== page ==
Two semi-local bands have big news but, at this point anyway, no local shows on the schedule.
The Hold Steady have announced an Aug. 16 release date for “Thrashing Thru the Passion,” their first album in five years. And Motion City Soundtrack have reunited for tour dates with an uncertain future after that.
Formed by former Minnesotans Craig Finn and Tad Kubler (both of Lifter Puller), the Hold Steady turned heads across the country with their 2004 debut album “Almost Killed Me.” While based out of Brooklyn, the band earned instant notoriety here thanks to Finn’s extensive use of Twin Cities references in his songs.
The Hold Steady spent much of the next decade touring heavily and recording five more albums, including 2014’s “Teeth Dreams,” which found a mixed reception among fans (and to a lesser extent, critics). After touring the record, the group slowed down their activity and began playing three-night residencies in cities rather than embarking on more traditional tours. Finn also released his third and fourth solo albums, including this year’s “I Need a New War.”
In 2017, the band released “Entitlement Crew,” the first of five singles they issued over the next two years. Those five songs, paired with five new tracks, make up “Thrashing Thru the Passion.” The first single, “Denver Haircut,” is out now.
In a news release, Finn singled out Franz Nicolay (piano, accordion, harmonica) for reinvigorating the group. Nicolay joined in 2005, but left five years later saying at the time: “I felt I completed the work I needed to do with them. I’d prefer to think of it as a closed book.” In 2016, he hopped back on board.
“I’ve been saying for a few years now – since Franz came back – that this six-piece lineup of the Hold Steady is the best band we’ve ever been,” Finn said. “The new songs recorded by this version of the band are super exciting to us. It’s been a very fun and creative period for the Hold Steady.”
The Hold Steady have announced three-night stands in Seattle, Chicago, Boston and Nashville later this summer. It seems likely they’ll work in local shows at some point after that.
As for Motion City Soundtrack, the core members – singer/songwriter Justin Pierre and guitarist Joshua Cain – founded the band in Minneapolis in 1997, although their bandmates have lived elsewhere. With their unique take on pop punk and emo rock, the band broke nationally with 2005’s “Commit This to Memory,” which was produced by Blink-182’s Mark Hoppus. They went on to work with Ric Ocasek (the Cars), Adam Schlesinger (Fountains of Wayne) and Eli Janney (Girls Against Boys) on the follow-up, 2007’s “Even If it Kills Me.”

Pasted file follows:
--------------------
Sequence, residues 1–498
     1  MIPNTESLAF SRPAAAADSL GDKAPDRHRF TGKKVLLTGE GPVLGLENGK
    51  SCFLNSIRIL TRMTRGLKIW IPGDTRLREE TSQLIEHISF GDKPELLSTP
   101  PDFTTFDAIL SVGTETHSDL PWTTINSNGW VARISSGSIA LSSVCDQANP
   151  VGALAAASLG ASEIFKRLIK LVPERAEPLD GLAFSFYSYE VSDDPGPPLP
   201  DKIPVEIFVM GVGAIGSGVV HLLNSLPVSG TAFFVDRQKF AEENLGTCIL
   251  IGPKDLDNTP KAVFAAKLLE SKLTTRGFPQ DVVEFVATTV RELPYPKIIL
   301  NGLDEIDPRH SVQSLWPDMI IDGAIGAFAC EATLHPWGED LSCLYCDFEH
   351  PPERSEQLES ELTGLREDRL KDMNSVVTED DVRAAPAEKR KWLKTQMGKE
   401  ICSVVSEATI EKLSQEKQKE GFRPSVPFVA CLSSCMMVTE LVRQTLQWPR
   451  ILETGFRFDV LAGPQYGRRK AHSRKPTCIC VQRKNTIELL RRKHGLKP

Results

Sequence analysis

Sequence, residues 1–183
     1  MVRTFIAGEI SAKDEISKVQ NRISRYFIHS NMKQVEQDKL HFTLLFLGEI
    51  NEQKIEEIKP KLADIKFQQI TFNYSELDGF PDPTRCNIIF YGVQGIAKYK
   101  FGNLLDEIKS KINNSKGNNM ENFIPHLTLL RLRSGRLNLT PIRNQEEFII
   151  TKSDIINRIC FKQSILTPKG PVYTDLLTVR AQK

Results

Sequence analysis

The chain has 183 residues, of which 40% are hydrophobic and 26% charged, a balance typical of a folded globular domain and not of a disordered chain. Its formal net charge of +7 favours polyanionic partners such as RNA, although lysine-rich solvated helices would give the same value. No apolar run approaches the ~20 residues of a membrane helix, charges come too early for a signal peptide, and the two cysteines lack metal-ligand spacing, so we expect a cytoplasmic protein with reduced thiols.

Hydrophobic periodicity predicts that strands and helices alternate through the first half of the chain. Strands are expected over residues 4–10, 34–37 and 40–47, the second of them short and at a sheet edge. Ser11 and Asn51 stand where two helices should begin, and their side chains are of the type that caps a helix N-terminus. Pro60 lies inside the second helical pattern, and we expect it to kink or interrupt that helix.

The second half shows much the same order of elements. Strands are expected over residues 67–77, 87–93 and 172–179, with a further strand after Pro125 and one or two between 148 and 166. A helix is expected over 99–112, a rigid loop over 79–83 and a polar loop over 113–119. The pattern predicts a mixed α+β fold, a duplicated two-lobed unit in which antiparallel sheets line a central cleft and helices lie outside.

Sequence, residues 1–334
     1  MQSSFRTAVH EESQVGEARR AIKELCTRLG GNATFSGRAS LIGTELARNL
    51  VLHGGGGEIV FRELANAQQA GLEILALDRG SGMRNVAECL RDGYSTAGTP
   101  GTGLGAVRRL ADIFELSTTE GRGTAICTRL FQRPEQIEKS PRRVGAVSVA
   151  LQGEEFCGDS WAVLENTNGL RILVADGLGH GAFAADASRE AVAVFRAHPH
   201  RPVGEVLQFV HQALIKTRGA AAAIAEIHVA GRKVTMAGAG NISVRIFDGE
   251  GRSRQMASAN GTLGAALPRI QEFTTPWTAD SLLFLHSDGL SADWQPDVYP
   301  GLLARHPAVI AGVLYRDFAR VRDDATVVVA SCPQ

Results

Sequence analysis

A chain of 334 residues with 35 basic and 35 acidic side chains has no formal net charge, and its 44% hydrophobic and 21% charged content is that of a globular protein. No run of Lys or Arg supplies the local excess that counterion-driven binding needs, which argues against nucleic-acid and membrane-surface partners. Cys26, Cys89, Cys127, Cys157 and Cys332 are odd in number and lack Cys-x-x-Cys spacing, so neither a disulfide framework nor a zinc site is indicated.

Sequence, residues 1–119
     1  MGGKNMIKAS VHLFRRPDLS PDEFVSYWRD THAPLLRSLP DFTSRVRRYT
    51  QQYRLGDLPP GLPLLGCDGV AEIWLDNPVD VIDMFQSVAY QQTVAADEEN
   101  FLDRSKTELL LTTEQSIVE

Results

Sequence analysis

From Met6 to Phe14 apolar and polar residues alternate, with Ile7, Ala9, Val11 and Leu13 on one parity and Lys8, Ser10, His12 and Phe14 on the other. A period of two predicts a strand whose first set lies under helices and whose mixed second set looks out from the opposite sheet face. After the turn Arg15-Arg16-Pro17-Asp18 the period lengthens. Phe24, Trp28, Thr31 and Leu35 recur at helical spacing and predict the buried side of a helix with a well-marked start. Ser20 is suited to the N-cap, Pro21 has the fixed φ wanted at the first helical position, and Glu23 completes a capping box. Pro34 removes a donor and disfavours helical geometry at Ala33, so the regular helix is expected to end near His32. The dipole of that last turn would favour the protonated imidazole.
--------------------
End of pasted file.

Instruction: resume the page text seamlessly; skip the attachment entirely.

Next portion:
In 2010, MCS reunited with Hoppus for “My Dinosaur Life,” their sole album on Columbia Records. They went on to release “Go” and “Panic Stations,” and announced in 2016: “We have no idea what the future holds, but for now we are done.” Last year, Pierre issued his solo debut, “In the Drink,” which he made with help from Cain.
Last week, the band surprised fans by revealing they were getting back together for a tour that starts New Year’s Eve in Chicago (the closest they’ll get to the Twin Cities) and wraps Jan. 28 in Seattle.
In an interview with Alternative Press, Pierre (sort of) explained: “I don’t think any of us know what’s happening. If I had to guess – and this is just for me, I haven’t talked to any of the people about this – it’s that we had a plan. We were doing stuff, and we had a thing. And then we all reached a freak-out moment and had to step away for a little bit. I don’t know what this is: I think if I had to guess, there is no real plan. That sounds like we don’t know what we’re doing. … All I know is that we’re doing a tour, and there’s nothing beyond that. That doesn’t necessarily mean there won’t be, so there’s no way to give you a concrete answer.”
New outdoor concert series in Lowertown
Colorado jam band Leftover Salmon headline the new Big River Summer concert series Friday night outside of Big River Pizza on Fifth Street East in St. Paul’s Lowertown neighborhood.
The same venue will host reggae star Stephen Marley (Bob Marley’s second son) on Aug. 16 and San Francisco’s Melvin Seals (a longtime member of the Jerry Garcia Band) on Sept. 13.
Tickets for Leftover Salmon are $25 general admission and $60 VIP (includes preferred seating, free drinks and an afterparty with the band). It’s $30 to see Marley and $15 for Seals, via mjgpro.com. The promoters said, based on advance ticket sales, they’re anticipating large crowds.
Leftover Salmon formed in 1989 and spent the next decade perfecting what they called “Polyethnic Cajun Slamgrass,” a sound combining bluegrass, country, Zydeco and rock. By 2004, the guys figured it was time for a break and spent several years on hiatus before returning to play short tours off and on in the late ’00s. In 2012, they returned to full speed with “Aquatic Hitchhiker” and have followed it up with three more albums, including last year’s “Something Higher.”